Wines & Vines Home
   
 
Welcome Guest
LOGIN |  CREATE ACCOUNT
 
ADVERTISEMENT
 
 
 
06.12.2014  
 

Pinpointing Vineyard Irrigation

Oregon grapegrowers install evapotranspiration monitor, eliminate guesswork

 
by Peter Mitham
 
 
“evapotranspiration”
 
Vineyard equipment developed by Tule Technologies (seen here at Sugarloaf Mountain) is being installed at Willakia vineyard in Oregon to measure moisture being used.
Amity, Ore.—With below-average rainfall forecast for much of the western United States, Northwest grapegrowers will be keeping close tabs on vines this season to ensure they’re getting the water they need.

Typically, that’s done through methods ranging from visual monitoring to pressure bombs that extrapolate evapotranspiration data from bellwether vines across an entire vineyard.

Various services also exist that allow growers to estimate evapotranspiration rates for their particular locations based on general meteorological data.

But this Friday, Atlas Vineyard Management Inc. will install a system at Willakia vineyard east of Amity that measures the local vineyard climate, giving real-time local data to determine the needs of vines across a 10-acre block.

Developed by Tule Technologies Inc. of California, the system employs surface renewal analysis to measure moisture levels in layers of air above the vineyard, and matches that data with models of evapotranspiration rates prepared by USDA scientist Andrew McElrone and post-doctoral researcher Tom Shapland from the University of California, Davis.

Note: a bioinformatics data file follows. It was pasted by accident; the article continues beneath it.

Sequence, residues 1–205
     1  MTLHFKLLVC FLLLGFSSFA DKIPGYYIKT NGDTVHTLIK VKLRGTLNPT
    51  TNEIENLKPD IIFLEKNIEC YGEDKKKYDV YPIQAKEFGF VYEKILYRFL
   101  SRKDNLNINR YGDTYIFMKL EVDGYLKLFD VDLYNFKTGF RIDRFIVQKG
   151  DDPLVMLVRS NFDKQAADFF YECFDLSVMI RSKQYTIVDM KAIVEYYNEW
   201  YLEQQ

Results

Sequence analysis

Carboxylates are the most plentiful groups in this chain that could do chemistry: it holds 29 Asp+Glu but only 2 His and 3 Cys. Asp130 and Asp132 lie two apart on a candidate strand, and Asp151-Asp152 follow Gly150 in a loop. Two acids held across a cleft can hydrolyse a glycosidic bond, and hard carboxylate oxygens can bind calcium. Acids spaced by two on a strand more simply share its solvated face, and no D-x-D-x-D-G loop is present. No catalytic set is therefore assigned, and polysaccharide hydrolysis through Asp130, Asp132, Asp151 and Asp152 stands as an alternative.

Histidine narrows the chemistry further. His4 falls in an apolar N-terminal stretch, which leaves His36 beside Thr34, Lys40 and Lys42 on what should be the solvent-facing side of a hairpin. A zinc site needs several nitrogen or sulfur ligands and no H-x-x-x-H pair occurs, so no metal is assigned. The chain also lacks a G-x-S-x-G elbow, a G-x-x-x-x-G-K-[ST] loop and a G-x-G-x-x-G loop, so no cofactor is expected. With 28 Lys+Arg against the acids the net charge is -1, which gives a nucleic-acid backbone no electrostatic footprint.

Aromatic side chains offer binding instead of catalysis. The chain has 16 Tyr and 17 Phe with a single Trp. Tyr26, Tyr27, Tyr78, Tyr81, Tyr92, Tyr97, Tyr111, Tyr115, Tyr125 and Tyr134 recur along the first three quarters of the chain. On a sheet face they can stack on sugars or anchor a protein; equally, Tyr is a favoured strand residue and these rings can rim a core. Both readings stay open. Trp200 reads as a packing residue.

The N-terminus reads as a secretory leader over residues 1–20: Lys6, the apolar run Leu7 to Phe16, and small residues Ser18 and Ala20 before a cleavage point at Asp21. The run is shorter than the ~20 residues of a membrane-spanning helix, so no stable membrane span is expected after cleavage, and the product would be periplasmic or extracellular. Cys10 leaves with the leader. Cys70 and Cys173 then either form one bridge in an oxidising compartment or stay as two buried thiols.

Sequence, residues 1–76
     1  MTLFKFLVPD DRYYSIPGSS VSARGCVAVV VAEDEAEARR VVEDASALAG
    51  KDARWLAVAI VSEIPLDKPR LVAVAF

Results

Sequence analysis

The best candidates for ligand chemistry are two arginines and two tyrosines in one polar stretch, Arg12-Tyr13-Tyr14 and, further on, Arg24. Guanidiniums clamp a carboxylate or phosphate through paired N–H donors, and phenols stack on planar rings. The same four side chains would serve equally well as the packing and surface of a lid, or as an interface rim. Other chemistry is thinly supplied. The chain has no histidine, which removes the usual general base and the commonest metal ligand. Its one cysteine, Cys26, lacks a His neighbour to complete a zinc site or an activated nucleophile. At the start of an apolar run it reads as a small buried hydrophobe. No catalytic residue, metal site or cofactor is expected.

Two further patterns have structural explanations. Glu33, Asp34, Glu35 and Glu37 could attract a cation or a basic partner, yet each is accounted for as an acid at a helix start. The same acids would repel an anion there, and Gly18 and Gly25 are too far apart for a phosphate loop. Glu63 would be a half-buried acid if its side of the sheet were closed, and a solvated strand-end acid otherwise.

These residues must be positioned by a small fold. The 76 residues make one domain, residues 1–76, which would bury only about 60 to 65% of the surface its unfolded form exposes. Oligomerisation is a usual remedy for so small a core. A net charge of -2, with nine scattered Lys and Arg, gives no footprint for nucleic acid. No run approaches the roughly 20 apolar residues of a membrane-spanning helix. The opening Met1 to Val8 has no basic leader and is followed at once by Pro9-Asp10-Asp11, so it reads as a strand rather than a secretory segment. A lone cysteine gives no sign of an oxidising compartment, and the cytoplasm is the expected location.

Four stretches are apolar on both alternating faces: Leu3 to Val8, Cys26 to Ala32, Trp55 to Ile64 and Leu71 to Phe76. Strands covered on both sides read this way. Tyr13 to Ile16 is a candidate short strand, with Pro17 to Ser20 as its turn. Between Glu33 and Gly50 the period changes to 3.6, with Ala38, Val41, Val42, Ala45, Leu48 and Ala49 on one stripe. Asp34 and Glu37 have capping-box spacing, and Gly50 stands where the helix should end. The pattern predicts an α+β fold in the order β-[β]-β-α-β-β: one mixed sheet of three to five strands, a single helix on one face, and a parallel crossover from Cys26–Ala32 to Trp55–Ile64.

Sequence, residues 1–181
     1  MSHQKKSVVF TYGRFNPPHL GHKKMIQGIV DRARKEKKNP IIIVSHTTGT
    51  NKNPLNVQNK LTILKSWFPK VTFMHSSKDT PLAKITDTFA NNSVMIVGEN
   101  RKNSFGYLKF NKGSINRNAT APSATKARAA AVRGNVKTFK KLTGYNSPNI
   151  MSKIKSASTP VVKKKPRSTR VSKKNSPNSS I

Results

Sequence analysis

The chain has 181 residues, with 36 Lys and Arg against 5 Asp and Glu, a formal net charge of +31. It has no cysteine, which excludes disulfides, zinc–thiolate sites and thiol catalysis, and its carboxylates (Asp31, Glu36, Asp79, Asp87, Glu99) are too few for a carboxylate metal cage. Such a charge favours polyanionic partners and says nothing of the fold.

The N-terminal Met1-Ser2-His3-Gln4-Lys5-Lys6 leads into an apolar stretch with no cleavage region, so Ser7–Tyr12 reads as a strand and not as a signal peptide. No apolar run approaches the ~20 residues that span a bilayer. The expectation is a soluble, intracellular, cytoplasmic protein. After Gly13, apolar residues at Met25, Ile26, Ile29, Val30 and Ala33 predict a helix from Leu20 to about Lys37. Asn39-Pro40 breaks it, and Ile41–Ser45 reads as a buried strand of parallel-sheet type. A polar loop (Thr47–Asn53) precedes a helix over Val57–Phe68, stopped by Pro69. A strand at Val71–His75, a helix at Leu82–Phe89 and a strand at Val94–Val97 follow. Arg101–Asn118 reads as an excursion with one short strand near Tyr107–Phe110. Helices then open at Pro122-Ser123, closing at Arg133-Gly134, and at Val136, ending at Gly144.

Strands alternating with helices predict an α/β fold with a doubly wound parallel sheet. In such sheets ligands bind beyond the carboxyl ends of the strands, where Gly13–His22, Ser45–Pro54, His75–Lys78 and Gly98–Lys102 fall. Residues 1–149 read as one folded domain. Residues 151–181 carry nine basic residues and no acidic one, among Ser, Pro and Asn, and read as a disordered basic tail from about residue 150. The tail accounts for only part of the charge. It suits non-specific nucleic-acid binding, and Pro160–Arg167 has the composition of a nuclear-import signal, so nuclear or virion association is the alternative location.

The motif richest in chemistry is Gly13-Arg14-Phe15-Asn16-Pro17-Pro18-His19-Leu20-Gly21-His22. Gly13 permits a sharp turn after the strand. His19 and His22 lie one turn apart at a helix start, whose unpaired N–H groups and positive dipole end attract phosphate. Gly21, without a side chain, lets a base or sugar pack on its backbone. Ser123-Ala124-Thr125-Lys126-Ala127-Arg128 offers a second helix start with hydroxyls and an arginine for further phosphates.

The result is a more accurate picture of how vines are using water.

How it works
“To measure how much water the vines are using, surface renewal quantifies how much heat and water vapor the wind carries away from a 2- to 5-acre vineyard block,” Shapland explained in an article for Practical Winery & Vineyard earlier this year.

Tule’s system measures the moisture in different layers of air, or eddy fluxes, and extrapolates that across a 10-acre site to provide a more accurate read of local conditions than viticulturists previously enjoyed.

“Most of these devices are just connected to one or two vines,” explained Francisco Araujo, director of quality control and technical winegrowing operations for Atlas. “With one instrument we’re covering an exponentially larger area. We’re not extrapolating data from one or two vines, we’re measuring it over a large surface.”

Moreover, the local readings mean that growers aren’t relying on estimate-based conditions in a reference field that may be growing another crop such as alfalfa.

“We’re measuring directly the vineyard evapotranspiration as opposed to a reference evapotranspiration,” Araujo told Wines & Vines.

Atlas is piloting the system at vineyards in Napa and the Petaluma Gap, and the installation at Willakia (acquired earlier this year by Ste. Michelle Wine Estates) will be its third site and first in Oregon.